Monday, September 10, 2012

Bo Diddley - Dearest Darling (Sound File, Lyrics, And Comments)

Edited by Azizi Powell

This post provides a sound file & lyrics of Bo Diddley's 1957 Rock and Roll song "Dearest Darling". This post also includes my comments about that song & Bo Diddley's use of adapted African American religious verses and African American folk verses in many of his songs.

The content of this post is provided for folkloric, and entertainment purposes.

All copyrights remain with their owners.

FEATURED SOUND FILE: Bo Diddley Dearest Darling Checker 78rpm

Uploaded by JOHN KENNEDY on May 3, 2010

Monster blues bop by the mighty Bo. This was the B side to his 1958 release 'Hush Your Mouth' This is my favourite Diddley release and it can still pack the dance floor to this day. RIP Mr Diddley

(Bo Diddley)

Dearest darling
Dearest darling
Dearest darling, yeah

Verse 1:
Don't you know the Lord above
Created you
Just for me to love
Picked you out
From all the rest
Because He knew
I loved you best

Dearest darling
Dearest darling
Dearest yeah darling
Take my hand
Take my hand

Verse #2:
I once had a heart
So tender and true
But now it's gone
From me to you
Take care of it
Like I have done
For you have two hearts
and I have none

Dearest oh oh oh oh, darling
Dearest darling
Dearest, yeah yeah,
dearest, yeah yeah
Dearest, yeah yeah,
Dearest, yeah yeah
Darling, yeah yeah,
Darling, yeah yeah

Verse #3
If I get to Heaven
Before you do
I'll try to make a hole
And pull you through

Woh, dearest, dearest
Dearest, dearest, aah

If I go to Heaven
And you not there
I'm gonna write your name
On the Heavenly stairs
If you aren't there
By judgement day
Then I'll know baby
You went the other way

Woh, dearest, dearest
Woh, dearest, yeah yeah yeah
Oh oh sweet baby
Oh sweet baby
Yeah yeah yeah.

[This is a basic transcription by Azizi Powell from the sound file of this song. Corrections and additions are welcome.]

"Ellas Otha Bates (December 30, 1928 – June 2, 2008), known by his stage name Bo Diddley, was an American rhythm and blues vocalist, guitarist, songwriter (usually as Ellas McDaniel), and rock and roll pioneer"...
Like most of his songs, some verses of Bo Diddley's "Dearest Darling" are witty adaptations of earlier non-religious and/or religious songs from African American traditions. For example, take this verse from Bo Diddley's "Dearest Darling" song:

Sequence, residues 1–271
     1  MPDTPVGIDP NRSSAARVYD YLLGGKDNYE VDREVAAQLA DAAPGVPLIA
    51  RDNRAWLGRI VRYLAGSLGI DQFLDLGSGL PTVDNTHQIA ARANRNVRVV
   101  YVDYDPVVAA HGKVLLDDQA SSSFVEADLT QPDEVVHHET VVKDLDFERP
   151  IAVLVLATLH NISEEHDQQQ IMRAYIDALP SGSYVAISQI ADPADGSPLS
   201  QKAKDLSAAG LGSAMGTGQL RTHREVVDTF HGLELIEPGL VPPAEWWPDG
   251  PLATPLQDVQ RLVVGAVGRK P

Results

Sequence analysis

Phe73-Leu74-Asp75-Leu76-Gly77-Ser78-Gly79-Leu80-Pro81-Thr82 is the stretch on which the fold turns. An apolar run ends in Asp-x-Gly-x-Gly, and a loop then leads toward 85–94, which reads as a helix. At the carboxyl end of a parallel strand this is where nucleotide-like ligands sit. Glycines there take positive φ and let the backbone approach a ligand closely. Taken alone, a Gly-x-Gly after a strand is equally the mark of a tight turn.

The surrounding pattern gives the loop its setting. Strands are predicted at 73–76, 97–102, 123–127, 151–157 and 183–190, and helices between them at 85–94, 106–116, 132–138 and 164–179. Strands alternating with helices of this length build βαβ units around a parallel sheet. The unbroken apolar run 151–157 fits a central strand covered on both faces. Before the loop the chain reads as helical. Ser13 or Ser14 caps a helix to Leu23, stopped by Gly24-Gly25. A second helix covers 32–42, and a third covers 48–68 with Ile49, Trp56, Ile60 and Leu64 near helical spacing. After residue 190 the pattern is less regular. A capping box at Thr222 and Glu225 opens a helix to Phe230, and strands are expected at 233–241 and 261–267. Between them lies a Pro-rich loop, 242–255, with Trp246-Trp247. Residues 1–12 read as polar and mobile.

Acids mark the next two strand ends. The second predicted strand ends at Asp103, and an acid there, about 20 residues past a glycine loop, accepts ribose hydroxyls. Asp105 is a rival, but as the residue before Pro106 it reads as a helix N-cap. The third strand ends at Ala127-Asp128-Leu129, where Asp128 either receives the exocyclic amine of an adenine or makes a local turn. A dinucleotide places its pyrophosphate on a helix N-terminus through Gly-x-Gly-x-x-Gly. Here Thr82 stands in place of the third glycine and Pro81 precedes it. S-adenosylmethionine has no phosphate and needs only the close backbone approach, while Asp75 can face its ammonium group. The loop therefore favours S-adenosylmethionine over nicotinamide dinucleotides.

"If I get to heaven
Before you do
I'll try to make a hole
And pull you through"
That verse is an adaption of this African American Spiritual/Gospel floating verse:
If you get there
before I do,
Look out for me
I'm coming through.
[from the song "Ain't Gonna Grieve My Lord No More" in Thirty-six South Carolina Spirituals edited by Carl Diton, G. Schirmer, Inc. NY 1928, posted on]
Another version of that floating verse, from my memory of various Spirituals, is
"If you get to heaven before I do
Just tell my friends I'm coming too."
A secular adaptation of that verse is sometimes used for the song "Oh You Can't Get To Heaven" (also known as "Ain't Gonna Grieve My Lord No More"). Here's an example of that verse:
"If you get to Heaven before I do,
Just drill a hole and pull me through."

The concept of "making" (or digging) a hole in heaven and pulling someone through so that she or he can also be in heaven is one that I've read in other earlier African American secular songs. I think that concept is similar to this verse that is found in the song entitled "Plaster" that is included in Thomas W. Talley's now classic 1922 collection entitled Negro Folk Songs: Wise & Otherwise:
Mammy an' daddy's dead an' gone.
Did you ever hear deir story?
Dey sticked some plasters on deir heels,
An' drawed 'em up to Glory!"
Click to find a digitalized version of Talley's book. Additional examples of African American secular songs can also be found on this page of my Cocojams website:

To cite two examples of Bo Diddley songs that are based on adapted folk verses, the song "Bo Diddley" is an adaptation of the song "Mockingbird" ("Hush Little Baby Don't You Cry"). And the song "Hey Bo Diddley" is an adaptation of the 19th century African American song "Hambone".

Bo Diddley also used the pattin Juba "Hambone" beat in so many of his songs that that rhythm is often called "the Bo Diddley beat".

Click fot more information about the Rock and Roll legend Bo Diddley and his songs.


My thanks to the Bo Diddley for his musical legacy. Thanks also to the uploader of the sound file that is featured in this post.

Thanks for visiting pancocojams.

Visitor comments are welcome.

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